The monumental success of the Pokémon franchise has spanned multiple generations, so you can bet that the cartoon has inspired more than a few imposters. Whenever a series becomes popular, other aspiring franchises leech onto it in an attempt to siphon out the qualities that made the original show such a goldmine. Sometimes, a particularly well constructed knockoff will succeed in gaining its own fan base, but most just end up feeling like desperate Pokémon copycats.
Blatant Pokémon ripoffs exist in all forms of media; other anime series regularly crib the "kids training monsters to fight in tournaments" formula, and more than a few video games have copied the franchise's signature practice of releasing two complimentary games in tandem. The shows that copied Pokémon prove that while imitation might be flattering, it definitely doesn't guarantee success.
Taking the world by storm with a quadruple threat of video games, anime, manga, and toys, Yo-kai Watch prides itself on being known as the next generation of Pokémon. The show follows a young boy as he runs around making friends with his town's spiritual inhabitants. Once he's gained their trust, he captures them so that they can later aid him on adventures.
Like Pokémon, Yo-kai Watch contains a plethora of monsters who love to repeat their own names as a mode of communication. Instead of a neon yellow mouse (Pikachu), the main character is accompanied by a cute, ghostly cat named Jibanyan.
Fighting Foodons is all about kids battling monsters based on various foods. The characters are colorful and completely over-the-top, but they all devote their total attention to concocting the most extreme food fighters imagninable.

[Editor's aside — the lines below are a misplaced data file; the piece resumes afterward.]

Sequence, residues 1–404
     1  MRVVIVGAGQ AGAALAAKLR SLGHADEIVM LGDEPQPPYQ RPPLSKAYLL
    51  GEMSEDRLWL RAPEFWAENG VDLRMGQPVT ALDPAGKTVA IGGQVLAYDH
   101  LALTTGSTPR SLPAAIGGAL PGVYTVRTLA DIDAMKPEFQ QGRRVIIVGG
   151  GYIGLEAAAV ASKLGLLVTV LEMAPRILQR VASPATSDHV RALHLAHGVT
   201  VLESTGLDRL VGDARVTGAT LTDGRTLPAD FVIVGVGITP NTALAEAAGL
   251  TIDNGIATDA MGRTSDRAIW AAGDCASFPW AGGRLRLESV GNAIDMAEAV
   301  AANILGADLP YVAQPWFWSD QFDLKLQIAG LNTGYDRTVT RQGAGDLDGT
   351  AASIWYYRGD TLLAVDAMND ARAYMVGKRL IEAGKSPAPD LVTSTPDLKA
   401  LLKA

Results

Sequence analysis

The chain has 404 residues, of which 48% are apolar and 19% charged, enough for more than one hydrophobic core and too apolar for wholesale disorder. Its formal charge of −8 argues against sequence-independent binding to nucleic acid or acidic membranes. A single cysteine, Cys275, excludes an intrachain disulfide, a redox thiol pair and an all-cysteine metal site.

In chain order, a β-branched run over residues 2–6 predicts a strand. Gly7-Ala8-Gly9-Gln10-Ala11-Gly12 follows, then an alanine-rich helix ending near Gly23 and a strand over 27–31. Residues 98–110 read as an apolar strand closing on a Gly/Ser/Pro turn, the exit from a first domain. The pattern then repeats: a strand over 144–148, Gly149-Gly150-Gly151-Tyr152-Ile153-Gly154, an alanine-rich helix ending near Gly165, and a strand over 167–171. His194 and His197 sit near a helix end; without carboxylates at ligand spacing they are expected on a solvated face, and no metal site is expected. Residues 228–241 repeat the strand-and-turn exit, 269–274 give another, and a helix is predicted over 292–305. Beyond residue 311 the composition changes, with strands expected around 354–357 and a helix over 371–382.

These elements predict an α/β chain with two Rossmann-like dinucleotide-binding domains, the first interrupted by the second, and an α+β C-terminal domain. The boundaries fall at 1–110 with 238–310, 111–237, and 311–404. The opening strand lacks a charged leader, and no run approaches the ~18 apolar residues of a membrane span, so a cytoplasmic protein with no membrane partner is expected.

The characters write down their recipe ideas on magical cards, which are then used to summon monstrous food hybrids. These creatures do battle so that their creators can claim supremacy, and the main character's goal is to create the most savory food warriors the world has ever seen.
- Actors: Chisa Yokoyama, Yūko Mita, Chika Sakamoto, Wataru Takagi, Tara Sands
- Premiered: 2002
The premise of Dragon Drive involves a group who collects beastly dragons so that they can battle against each other in elaborate tournaments. The whole show takes place within a virtual reality game, and the dragon trainers only form partnerships with their creatures so that they can later convince them to do battle.
As is usually the case in such shows, the main protagonist finds that his small, seemingly useless dragon is actually one of the rarest and most powerful beasts in the game.
- Actors: Koyasu Taketo, Kenichi Suzumura, Akemi Okamura, Romi Park, Jun Fukuyama
- Premiered: 2004
Dinosaur King is Sega's analog to Nintendo's Pokémon franchise. Instead of using a variety of evolving monsters to do battle, Dinosaur King features children who collect dinosaurs. After receiving a distress call from a group of ancient creatures, the show's characters manage to save the world by harnessing the dinosaurs' prehistoric power.